Facelift for the future
The MacLeod mine has been a landmark at the entry to the town of Geraldton in northwestern Ontario since 1943, when Highway 11, one of the province’s two trans-Canada highways, was completed.
When the mine was operating, it was a symbol that signalled prosperity. This changed in 1972, when the MacLeod mine closed after 34 years of continuous gold production. It was the last mine to operate in the area.
From then on, the landmark became, in the view of many, an eyesore, a reminder of the past. The site was not pretty: some of the surface infrastructure was left standing and it was 1986 before the tailings were vegetated. For over 20 years, the MacLeod mine and its owners presented this less-than-flattering face to the travelling public.
The transformation that began in 1995 was the result of a co-operative effort among a far-sighted community, a mining company and the government ministries that shared their vision. Today, the face presented to the travelling public on the Trans-Canada Highway is much improved. It includes a substantially rehabilitated historic mine that serves as a backdrop for a community tourism enhancement project. Features on the rehabilitated mine site that entice travellers to stop are a refurbished headframe, a Forest Fire Interpretive Centre, a Heritage Interpretive Centre situated on eight hectares of landscaped tailings, and, soon, a nine-hole expansion of the Geraldton golf course.
When Barrick Gold’s predecessor, American Barrick Resources Corp., purchased Lac Minerals Ltd. in 1994, it also acquired the liability of Lac’s closed mine sites, including MacLeod.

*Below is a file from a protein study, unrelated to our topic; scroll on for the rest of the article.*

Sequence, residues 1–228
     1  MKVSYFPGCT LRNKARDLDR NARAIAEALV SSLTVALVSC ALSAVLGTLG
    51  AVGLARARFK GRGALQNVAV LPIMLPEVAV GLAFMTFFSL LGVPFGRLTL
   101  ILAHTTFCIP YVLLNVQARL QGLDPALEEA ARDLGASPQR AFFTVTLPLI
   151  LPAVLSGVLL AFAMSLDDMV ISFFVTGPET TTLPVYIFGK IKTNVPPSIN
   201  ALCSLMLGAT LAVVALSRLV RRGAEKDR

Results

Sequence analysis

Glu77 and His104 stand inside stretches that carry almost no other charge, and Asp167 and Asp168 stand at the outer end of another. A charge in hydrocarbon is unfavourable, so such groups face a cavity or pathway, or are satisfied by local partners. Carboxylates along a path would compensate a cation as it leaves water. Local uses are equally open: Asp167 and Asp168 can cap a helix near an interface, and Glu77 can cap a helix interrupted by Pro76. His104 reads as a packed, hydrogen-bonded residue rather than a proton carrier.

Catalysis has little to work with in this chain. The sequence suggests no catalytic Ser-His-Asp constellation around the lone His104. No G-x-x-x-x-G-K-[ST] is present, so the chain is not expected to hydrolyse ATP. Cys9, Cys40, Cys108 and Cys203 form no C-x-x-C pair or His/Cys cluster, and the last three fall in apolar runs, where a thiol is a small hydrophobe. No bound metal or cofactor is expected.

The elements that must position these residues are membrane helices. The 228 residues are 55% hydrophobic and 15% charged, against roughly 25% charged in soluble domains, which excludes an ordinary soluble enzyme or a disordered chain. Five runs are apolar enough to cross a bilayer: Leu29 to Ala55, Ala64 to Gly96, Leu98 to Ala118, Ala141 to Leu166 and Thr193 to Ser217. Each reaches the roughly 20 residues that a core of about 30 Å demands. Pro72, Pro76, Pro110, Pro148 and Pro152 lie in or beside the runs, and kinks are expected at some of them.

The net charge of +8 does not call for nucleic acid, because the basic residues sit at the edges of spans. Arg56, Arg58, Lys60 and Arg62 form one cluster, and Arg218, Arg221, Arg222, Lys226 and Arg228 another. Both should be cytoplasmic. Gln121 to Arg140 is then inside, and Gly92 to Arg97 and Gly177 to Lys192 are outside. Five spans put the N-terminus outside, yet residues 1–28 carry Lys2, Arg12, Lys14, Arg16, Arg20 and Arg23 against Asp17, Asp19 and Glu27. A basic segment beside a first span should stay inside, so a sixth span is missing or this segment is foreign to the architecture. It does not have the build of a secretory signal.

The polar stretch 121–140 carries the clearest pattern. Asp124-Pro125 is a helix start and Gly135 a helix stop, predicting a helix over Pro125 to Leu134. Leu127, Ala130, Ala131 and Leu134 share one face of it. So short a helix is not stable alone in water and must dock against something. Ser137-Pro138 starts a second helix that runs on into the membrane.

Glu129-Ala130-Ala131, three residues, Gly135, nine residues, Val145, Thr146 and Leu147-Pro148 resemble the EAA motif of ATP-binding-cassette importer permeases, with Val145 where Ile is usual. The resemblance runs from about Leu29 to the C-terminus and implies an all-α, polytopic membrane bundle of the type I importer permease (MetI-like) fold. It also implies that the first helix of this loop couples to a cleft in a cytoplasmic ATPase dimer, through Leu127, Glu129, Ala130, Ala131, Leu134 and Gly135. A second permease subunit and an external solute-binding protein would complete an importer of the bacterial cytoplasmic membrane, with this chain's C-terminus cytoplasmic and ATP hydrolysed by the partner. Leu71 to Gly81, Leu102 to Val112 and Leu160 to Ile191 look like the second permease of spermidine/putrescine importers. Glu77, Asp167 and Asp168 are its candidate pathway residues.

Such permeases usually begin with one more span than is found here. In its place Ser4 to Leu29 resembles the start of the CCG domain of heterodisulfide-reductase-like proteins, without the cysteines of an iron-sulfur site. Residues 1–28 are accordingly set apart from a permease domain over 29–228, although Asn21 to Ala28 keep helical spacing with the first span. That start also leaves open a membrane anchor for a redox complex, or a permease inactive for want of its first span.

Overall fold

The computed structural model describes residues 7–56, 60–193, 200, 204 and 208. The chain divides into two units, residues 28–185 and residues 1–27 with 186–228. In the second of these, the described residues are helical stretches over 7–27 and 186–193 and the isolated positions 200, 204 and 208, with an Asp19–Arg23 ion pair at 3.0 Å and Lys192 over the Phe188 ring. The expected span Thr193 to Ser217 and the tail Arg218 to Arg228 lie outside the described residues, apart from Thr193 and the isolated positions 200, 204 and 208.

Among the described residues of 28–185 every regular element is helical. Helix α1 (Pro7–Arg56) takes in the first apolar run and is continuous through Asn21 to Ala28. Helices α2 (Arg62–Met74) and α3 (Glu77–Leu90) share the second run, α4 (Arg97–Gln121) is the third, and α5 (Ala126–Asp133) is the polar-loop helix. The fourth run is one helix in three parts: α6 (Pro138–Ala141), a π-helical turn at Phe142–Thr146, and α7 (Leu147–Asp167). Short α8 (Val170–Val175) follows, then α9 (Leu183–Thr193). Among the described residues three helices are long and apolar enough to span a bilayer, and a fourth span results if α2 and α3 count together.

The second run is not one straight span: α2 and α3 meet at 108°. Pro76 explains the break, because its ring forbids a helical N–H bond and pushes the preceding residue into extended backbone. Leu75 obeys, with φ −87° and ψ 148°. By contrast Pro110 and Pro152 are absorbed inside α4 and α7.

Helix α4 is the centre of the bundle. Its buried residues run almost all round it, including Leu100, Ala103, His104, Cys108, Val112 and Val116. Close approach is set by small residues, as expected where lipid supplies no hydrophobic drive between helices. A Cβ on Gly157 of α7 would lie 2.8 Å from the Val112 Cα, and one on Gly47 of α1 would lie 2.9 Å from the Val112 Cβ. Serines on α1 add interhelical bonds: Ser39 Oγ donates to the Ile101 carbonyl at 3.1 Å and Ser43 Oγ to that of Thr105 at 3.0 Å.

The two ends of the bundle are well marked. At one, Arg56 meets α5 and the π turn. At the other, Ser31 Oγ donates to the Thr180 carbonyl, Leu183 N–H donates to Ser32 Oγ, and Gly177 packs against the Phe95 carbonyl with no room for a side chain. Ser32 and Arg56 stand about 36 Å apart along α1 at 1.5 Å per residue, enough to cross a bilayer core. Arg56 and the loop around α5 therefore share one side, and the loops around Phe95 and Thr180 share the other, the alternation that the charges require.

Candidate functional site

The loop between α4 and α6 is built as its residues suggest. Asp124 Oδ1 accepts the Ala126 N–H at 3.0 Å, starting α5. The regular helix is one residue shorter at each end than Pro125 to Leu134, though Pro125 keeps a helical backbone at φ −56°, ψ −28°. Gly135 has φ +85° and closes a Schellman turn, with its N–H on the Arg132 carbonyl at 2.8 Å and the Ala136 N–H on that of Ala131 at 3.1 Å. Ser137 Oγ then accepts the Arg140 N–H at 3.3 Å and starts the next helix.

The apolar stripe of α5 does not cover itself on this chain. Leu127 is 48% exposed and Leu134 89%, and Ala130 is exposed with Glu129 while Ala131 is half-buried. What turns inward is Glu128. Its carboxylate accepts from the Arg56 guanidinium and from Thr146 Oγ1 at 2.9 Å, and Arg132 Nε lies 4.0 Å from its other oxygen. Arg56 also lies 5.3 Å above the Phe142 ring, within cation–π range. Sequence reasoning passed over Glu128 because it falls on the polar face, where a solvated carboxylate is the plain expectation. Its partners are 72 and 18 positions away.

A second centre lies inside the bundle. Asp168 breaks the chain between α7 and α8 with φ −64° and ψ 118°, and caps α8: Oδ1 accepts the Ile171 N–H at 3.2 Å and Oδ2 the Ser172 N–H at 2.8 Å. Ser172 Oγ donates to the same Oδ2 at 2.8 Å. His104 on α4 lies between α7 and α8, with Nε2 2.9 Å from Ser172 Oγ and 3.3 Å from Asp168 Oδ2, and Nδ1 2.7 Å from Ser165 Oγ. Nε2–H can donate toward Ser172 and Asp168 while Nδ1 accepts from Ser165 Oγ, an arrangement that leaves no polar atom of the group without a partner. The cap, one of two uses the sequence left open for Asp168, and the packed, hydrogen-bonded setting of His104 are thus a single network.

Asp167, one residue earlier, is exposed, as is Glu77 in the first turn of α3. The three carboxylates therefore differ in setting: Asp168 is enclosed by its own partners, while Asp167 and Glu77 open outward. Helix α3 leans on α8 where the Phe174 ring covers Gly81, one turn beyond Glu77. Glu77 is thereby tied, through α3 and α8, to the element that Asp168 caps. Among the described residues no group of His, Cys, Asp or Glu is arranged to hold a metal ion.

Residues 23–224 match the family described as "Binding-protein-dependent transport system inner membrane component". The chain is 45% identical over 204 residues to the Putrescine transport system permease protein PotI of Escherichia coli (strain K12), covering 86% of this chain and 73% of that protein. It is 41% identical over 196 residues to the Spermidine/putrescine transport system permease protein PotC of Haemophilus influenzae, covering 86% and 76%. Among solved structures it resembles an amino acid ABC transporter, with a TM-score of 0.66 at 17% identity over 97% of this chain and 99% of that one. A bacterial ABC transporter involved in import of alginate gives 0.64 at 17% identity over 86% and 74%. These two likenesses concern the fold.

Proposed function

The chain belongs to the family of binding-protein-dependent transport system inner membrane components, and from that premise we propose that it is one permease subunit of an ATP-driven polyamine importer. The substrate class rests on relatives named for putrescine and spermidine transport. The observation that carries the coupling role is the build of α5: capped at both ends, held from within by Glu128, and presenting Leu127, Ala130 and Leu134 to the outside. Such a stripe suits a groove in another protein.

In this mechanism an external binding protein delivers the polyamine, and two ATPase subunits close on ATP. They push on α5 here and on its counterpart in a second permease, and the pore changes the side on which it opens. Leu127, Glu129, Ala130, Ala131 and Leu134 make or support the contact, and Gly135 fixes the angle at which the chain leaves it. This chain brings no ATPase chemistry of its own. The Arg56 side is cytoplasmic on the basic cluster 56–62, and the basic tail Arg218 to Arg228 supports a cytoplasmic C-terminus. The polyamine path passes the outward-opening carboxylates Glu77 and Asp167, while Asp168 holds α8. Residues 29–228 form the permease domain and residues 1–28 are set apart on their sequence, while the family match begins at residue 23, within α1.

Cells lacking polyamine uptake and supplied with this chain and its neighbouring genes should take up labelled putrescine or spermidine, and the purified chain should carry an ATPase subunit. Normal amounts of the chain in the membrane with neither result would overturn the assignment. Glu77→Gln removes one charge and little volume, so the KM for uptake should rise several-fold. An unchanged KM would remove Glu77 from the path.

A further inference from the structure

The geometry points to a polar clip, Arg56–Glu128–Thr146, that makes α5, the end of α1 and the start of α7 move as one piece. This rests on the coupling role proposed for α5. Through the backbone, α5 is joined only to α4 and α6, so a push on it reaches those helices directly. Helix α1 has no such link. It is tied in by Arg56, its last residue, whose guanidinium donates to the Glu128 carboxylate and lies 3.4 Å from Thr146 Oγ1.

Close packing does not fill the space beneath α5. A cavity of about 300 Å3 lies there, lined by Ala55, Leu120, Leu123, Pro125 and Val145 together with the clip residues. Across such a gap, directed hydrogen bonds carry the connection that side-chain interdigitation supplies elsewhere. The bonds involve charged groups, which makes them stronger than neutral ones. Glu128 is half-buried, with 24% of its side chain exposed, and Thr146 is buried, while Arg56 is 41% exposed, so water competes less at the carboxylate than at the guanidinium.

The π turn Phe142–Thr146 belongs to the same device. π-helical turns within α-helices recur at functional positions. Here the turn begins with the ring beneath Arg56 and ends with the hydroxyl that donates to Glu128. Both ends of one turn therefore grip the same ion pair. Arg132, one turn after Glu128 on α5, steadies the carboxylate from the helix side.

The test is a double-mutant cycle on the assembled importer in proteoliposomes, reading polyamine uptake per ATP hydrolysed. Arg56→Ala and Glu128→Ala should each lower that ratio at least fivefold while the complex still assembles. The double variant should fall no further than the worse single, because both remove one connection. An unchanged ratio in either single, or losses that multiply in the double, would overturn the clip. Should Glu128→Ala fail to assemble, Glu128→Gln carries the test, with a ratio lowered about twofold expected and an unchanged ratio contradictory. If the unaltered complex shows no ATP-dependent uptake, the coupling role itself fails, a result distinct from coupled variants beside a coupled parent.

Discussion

Barrick Gold Corp., through its subsidiary Lac Properties Inc., has contributed more than $4 million to the project in the form of the rehabilitation work that made the transformation a reality. In addition, Barrick has enlisted a world-renowned landscape architect, Prof. Martha Schwartz of Harvard University, to develop the landscape design for the tailings on which the Heritage Interpretive Centre is situated. This involved developing conceptual designs, and obtaining the input and approval of the citizens of Geraldton. The result will be a dramatic and colourful entrance to the town, with terraced scrolls of alternating green and gold grasses, and ramps carpeted with red wildflowers.
The existing nine-hole golf course in Geraldton was built by the MacLeod mine in 1937 with the aid of one of the era’s leading designers–Stanley Thompson, the man who designed the famous Banff Springs Golf Course. As only appropriate, the expansion is proceeding under the direction of one of today’s top golf course designers–Les Furber, who worked for many years with Robert Trent Jones, Sr. and in 1999 refurbished the Banff Springs course. His design for the expansion reflects Geraldton’s desire for a very challenging golf course.
Barrick recognizes dimensions of corporate leadership that go beyond profits, including caring for communities and protecting the environment. As John Carrington, Barrick’s vice-chairman and chief operating officer, said in his remarks at the official opening of the new Geraldton Heritage Interpretive Centre: “Our sense of social responsibility is just as important to our future as our financial strength, because they are interdependent.”
Barrick is proud of the role it is playing in the transformation of the historic MacLeod mine.